Bubba Watson has such a tough time keeping his mind from wandering away from golf that he walks with his head down. If he had bothered to look around on the final day at the Farmers Insurance Open, he might not have believed what he saw.

There was Tiger Woods, who had won the last five times he played Torrey Pines, finishing 15 shots out of the lead.

An even bigger surprise was Phil Mickelson, whose reputation has been built on his appetite for taking risks. He was standing 228 yards away in the light rough on the par-5 18th when he pulled out a wedge to lay up, even though he needed eagle to force a playoff.

Mickelson had his caddie tend the flag from 72 yards away — a smart move to keep the ball from hitting the stick — and his shot covered the flag, landed behind the hole and trickled to the cup until it stopped 4 feet away.

Watson missed it all.

He was in the scoring trailer Sunday afternoon, having made clutch putts on the last two holes for a 5-under 67. Watson knew he had a two-shot lead over Mickelson, and he knew the four-time major champion was capable of anything.

"I'm trying not to get too emotional," Watson said. "I realize it's Phil Mickelson. He can make any shot he wants to. He's a great wedge player. I knew he had a shot at making it, so I didn't want to get too excited. Over the radio, they said he missed it."

And so concluded the PGA Tour's first weekend of network television coverage, a broadcast that barely had a chance to show Woods, yet had no shortage of drama for the final two hours.

Watson took the outright lead with a birdie putt on the 11th hole and never gave it back, which doesn't speak to the possibilities.

Jhonattan Vegas, the Venezuela rookie who won the Bob Hope Classic last week and has quickly provided extra star power on the PGA Tour, was one shot behind on the par-5 18th hole and in the light rough just under 220 yards away. He knew Watson only had a 7-iron to the green, and that his only chance was to stick it close.

It found the water.

"I tried to hit it close and put a little pressure on him," said Vegas, who wound up with a bogey and a tie for third with Dustin Johnson.

Watson hit his 7-iron into a back bunker, a difficult shot with the green running away from him toward the water. He played out to the top of the ridge and watched it trickle to 12 feet.

And that's when it got interesting.

Mickelson hit a poor tee shot, popped up and to the left, although it appeared to catch a decent lie to the rough, and he could clear the water in front of the green. It set the stage for a theatrical finish.

But as Watson studied the line of his putt, Mickelson grabbed a wedge from his bag and laid up. Given the slope behind the hole, he could easily get a wedge to tap-in range for birdie if Watson were to miss his putt.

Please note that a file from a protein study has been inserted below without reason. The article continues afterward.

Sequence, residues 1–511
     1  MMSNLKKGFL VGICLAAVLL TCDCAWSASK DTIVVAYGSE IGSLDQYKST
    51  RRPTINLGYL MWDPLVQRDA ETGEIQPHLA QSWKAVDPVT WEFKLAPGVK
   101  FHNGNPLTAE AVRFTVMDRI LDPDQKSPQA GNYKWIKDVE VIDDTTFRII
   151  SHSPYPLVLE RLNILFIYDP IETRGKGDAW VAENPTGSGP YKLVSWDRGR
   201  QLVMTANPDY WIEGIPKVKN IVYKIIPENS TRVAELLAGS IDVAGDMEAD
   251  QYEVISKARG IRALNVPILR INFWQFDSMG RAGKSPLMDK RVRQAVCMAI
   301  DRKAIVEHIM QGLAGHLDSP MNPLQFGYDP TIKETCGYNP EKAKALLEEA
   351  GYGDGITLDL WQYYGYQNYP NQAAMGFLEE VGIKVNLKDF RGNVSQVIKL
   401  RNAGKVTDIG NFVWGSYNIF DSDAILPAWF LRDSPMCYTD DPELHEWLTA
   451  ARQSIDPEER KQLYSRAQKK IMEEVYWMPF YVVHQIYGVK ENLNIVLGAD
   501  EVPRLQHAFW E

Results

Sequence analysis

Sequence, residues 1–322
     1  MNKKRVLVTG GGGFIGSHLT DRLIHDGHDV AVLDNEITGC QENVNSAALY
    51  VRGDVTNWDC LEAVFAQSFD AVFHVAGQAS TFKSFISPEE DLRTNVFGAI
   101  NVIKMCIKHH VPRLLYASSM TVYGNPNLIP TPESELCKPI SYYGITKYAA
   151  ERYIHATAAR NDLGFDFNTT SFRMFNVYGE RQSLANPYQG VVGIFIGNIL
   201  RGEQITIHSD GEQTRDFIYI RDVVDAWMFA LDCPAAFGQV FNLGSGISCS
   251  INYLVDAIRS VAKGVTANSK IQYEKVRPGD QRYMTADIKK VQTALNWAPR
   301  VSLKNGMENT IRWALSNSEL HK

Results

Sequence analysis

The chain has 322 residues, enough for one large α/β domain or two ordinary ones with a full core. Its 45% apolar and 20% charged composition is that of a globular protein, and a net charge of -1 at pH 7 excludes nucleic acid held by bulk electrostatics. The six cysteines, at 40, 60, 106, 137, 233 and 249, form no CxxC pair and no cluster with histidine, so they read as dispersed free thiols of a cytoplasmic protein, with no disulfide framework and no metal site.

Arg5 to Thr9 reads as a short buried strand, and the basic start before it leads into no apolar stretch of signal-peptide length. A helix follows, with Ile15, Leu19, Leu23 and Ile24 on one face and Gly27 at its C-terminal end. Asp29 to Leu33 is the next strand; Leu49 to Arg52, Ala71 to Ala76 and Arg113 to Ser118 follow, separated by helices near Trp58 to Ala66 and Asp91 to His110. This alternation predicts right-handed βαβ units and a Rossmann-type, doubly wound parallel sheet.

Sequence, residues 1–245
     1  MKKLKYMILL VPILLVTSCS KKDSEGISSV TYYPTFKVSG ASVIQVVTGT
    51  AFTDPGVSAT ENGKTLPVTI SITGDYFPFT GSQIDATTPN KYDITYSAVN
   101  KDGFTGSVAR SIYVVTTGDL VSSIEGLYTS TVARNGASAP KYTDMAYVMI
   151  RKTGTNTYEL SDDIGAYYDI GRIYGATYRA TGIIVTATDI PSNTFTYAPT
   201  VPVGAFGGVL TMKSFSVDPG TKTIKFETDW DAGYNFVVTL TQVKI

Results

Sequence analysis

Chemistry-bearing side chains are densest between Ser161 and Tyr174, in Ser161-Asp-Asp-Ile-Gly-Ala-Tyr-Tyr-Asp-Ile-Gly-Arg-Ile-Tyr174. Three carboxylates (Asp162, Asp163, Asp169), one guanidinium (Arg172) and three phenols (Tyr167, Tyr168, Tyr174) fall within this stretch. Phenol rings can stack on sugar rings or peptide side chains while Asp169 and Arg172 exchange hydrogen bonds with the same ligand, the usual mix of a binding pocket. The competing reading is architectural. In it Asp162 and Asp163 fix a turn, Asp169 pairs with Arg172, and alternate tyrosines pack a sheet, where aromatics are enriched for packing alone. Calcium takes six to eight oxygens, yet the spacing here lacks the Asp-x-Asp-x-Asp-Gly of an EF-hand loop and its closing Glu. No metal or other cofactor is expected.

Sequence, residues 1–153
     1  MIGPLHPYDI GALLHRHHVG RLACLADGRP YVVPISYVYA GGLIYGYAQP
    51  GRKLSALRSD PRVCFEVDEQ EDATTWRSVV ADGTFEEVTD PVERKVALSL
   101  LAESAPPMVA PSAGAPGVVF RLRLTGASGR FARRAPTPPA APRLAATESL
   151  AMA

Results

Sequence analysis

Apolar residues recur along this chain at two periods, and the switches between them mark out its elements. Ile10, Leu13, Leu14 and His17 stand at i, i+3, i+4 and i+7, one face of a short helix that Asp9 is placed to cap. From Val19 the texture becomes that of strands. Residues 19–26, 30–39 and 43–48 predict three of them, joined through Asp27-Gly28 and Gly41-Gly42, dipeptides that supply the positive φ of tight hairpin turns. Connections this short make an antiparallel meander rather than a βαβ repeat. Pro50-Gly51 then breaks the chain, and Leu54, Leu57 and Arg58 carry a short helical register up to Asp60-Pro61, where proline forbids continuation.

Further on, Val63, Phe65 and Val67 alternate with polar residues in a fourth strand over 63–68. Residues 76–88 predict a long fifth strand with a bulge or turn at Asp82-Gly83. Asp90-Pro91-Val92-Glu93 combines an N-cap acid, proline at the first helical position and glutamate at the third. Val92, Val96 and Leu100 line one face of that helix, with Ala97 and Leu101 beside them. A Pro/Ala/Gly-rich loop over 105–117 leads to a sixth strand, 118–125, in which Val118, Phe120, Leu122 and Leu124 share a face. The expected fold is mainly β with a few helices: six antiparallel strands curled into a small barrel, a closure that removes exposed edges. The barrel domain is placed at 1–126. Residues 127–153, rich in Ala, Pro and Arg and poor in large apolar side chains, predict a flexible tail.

Watson made it.

"I thought he was going for it," Watson said. "When I looked back down the fairway and I made the putt, I didn't want to get too excited because I thought it was him going for it. I didn't know he had already laid up."

Mickelson heard the roar and knew what he had to do.

The tension grew even more when he sent Jim "Bones" Mackay to the green to tend the flag, which looked audacious, except that it made perfect sense.

"About 10, 12, 14 times a year, I ended up hitting the pin with a wedge, and it ricochets all over the place and I didn't want that to happen," Mickelson said. "I also wanted to give it two chances. I wanted to fly it in, possibly, or I wanted it to skip past it and maybe bring it back and give it a second chance to go in and the pin would only get in the way of that.

"So I didn't want to have the pin in if I was going to try to make it."

Why not go for the green? Remember, this is the guy who tried to hit a fairway metal out of the rough, under the trees and over the water on the 16th hole at Bay Hill in 2002 when trying to catch Woods. Mickelson thought it was his best chance at winning, and that's what he thought Sunday at Torrey Pines.

With the grain of the grass going into his ball, a hybrid would come out heavy and go into the water. A 3-wood would come out hot and go over the green, and making 3 from back there would take more luck than from in front of the green.

It just didn't work out for him.

Mickelson tapped in for birdie and a 3-under 69, the kind of score he thought would win the Farmers Insurance Open.

"Bubba played some terrific golf," Mickelson said. "I did what I thought would be enough, and it just wasn't. Bubba played too good. He made great shot after great shot, and made putt after putt. It was a wonderful round for him."

Mickelson's runner-up finish moves him to No. 4 in the world, although he doesn't need a world ranking to tell him his game is headed in the right direction.

Watson, meanwhile, needed this win to show his first one last summer in Hartford, Conn., was no accident.

"It just shows that I can do it," said Watson, who finished at 16-under 272 and cracks the top 20 in the world ranking for the first time. "I did it twice now. I'm only 50 behind Phil and about 80 behind Tiger, so they better watch out."

Woods, meanwhile, left Torrey Pines raising more questions about his game than Mickelson did about his decisions.

He had never finished worse than 10th at Torrey Pines, nor had he ever finished out of the top 10 in his season debut in stroke play. But after a 74-75 weekend, he staggered home in a tie for 44th.

"I have some work to do," Woods said. "There's no doubt about that."